4)  Change the way that you approach life and what is valuable to you.As we are all (or at least seem to be) driven by an incessant need to buy the newest model or fashion/gadget, this habit needs to be broken in the early stages of your quest for freedom from slavery to the salary model. A more self-sufficient style is required to prevent out flow  of, what will be limited, cash flow.i.e.

Can I make it myself?
Can I fix it myself?
Can I learn a new skill to do the above?
Why do I need to purchase this item - will it enhance my life and achieve something or add value?
Can I get a better deal by shopping around?
Whom/what are my finances purpose, to support? me,my partner,my family? or the consumer goods providers and the banks?
Do I/can I account for all of my household income/expenditure?
Can I live on less?
How can I contribute to society and gain personal fulfilment?

I guess that this means that we have to turn our backs on the consumerist society and become more self-centred. It may be a wrench and seem abnormal for people to follow some of the practices (which are not original) that I preach, but from a personal perspective, I hope to consume less, create less waste and contribute more to society by following this approach to financial management.

I will work if I want to and balance my own needs with the financial needs of my dependants.

Follow the process above and you can make yourself an early retirement plan/escape from consumerism..

Thanks for reading

Thursday, 7 July 2011

credit abundance and its' perils

One of the main thrusts of my money-saving extreme model (M.S.ext.), is to 'only buy something if you can afford it'.
I guess most people may have outstanding loans or payments on the bigger purchases in life, i.e. a mortgage and the costs of financing a vehicle?

This I think is inevitable if you want to be a homeowner or own a nice vehicle.

For the rest of you/yourpartner/families spending, does it have to be on credit? and what is its' true cost?

For my own part, I rarely pay credit interest, unless it is very small amounts and it suits my cash flow position.

Hypothetically speaking, it could be posible to generate £40k instantly via credit cards.However, you may be charged around 17% a.p.r. for this credit.
This would take 35 years and 4 months to repay, with total interest and payments of £51784 over the period of repayment.(Calculated via MSE, on an MBNA card)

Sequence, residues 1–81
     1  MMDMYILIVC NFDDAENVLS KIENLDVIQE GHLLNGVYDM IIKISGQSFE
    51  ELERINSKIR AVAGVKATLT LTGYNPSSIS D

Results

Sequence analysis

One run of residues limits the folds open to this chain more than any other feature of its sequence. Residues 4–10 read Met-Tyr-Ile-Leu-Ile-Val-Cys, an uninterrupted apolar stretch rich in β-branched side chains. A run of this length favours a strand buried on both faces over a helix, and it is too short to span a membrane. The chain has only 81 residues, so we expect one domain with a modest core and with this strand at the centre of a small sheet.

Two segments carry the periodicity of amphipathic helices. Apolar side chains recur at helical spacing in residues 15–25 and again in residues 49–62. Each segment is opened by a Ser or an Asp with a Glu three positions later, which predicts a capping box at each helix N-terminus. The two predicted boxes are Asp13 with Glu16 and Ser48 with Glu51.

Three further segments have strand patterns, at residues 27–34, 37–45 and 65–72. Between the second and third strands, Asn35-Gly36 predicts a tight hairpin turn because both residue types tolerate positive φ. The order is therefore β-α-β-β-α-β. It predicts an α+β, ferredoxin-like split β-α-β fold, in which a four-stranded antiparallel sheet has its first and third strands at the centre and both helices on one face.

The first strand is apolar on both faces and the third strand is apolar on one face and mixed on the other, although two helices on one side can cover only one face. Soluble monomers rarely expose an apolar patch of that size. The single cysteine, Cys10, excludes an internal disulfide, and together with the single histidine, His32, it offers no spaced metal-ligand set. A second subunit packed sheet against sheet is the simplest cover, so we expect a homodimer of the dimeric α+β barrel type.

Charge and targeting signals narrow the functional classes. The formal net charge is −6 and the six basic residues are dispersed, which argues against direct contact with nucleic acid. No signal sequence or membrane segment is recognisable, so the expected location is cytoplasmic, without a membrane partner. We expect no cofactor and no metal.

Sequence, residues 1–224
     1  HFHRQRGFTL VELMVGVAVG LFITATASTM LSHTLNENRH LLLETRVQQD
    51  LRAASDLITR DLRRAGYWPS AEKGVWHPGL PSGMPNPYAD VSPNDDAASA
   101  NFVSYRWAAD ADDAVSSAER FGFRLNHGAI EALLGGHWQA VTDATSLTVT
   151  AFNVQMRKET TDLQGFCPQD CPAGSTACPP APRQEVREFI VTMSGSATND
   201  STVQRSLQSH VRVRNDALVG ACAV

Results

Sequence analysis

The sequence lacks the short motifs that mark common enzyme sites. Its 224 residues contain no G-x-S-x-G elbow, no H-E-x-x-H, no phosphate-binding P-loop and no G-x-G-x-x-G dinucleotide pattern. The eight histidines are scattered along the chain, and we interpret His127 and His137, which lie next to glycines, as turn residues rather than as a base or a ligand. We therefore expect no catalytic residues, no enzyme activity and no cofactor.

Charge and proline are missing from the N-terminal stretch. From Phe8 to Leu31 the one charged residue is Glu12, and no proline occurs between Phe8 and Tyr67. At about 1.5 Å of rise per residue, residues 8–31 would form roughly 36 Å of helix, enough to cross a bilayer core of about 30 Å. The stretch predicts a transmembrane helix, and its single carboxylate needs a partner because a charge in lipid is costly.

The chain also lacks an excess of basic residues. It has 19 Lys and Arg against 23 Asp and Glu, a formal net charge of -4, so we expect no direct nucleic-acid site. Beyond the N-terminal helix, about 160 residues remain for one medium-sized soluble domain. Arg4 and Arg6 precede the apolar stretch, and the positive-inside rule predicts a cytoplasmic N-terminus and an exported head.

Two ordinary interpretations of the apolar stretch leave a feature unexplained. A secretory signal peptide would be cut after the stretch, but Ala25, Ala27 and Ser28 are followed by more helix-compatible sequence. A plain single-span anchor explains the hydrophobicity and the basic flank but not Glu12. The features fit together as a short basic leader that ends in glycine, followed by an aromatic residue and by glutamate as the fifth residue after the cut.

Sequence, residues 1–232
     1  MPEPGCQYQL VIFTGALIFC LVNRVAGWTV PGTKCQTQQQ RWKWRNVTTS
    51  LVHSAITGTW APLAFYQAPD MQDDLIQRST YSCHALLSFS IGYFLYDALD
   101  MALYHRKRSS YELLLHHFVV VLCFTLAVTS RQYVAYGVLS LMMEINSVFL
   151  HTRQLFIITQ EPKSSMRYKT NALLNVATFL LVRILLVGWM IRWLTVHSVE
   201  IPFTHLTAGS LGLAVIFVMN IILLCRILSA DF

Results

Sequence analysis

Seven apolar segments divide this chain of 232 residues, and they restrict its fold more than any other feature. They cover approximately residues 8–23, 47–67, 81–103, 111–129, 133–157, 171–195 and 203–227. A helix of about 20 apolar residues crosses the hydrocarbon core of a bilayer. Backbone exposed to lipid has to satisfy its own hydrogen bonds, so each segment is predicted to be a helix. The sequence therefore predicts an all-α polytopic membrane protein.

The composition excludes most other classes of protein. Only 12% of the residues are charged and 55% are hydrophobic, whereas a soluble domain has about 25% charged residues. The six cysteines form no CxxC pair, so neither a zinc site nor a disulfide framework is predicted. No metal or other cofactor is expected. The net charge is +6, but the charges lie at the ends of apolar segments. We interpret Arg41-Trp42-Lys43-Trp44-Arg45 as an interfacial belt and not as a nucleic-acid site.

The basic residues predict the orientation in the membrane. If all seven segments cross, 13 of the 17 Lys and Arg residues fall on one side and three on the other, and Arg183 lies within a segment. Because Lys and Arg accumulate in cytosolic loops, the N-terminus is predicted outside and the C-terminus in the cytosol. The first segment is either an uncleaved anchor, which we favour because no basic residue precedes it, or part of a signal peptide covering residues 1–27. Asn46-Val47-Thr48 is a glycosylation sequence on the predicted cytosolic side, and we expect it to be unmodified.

However, the M.S.ext approach would be:

Do't buy it if you can't afford it;
Why do you need to purchase unecessary consumer goods;
Can you do without and find a free/cheaper alternative;
Is it within your budgetary lifestyle, budget boundaries?.

For those lucky enough to get through the process of loaning £40k on a mortgage over a 35 year period, you would pay £154 per month on capital and interest,  have repaid the capital and got an asset (property) of £112k at the end of the mortgage repayment period, assuming 3% growth p.a.

I rest my case, credit for credits sake is a mill stone around generation X and Y's neck. we have to loosen the grip and break free from these financial constraints and liabilities..

It is in your hands, take action.

Thanks for reading.

Free of constraints - where will it take you??

Whilst growing up, I thought that to live a carefree life would only be possible if you were to have an excessive amount of cash/property/assets. This seemed a Utopian vision that was achievable by hard work, being enslaved to the corporate model and a little luck?
As I quickly found out, greed and avarice fuel the consumerist society and it takes a hard-nosed, slightly tainted and immoral persona to succeed in business, IMHO.
Additionally, unless you follow the path through to higher education, which I didn't, it becomes clear that whatever your talents, it is sometimes who you know, not what you know??

However, as we all mature and get a grasp of what our raison d'etre is, and how our lives are shaped, there are choices we can make that allow us to be more independent of external influences.
As it turns out, less is more. A more frugal lifestyle is easier to manage and maintain than the black hole of progressive spending.

The things that I have personally been able to do whilst living under the banner of M.S.ext is:

To spend more time with my, now, grown up children,  better late than never is better than not at all, as you cannot put a value on the precious time spent nurturing your family, nor indeed the relationship with your partner;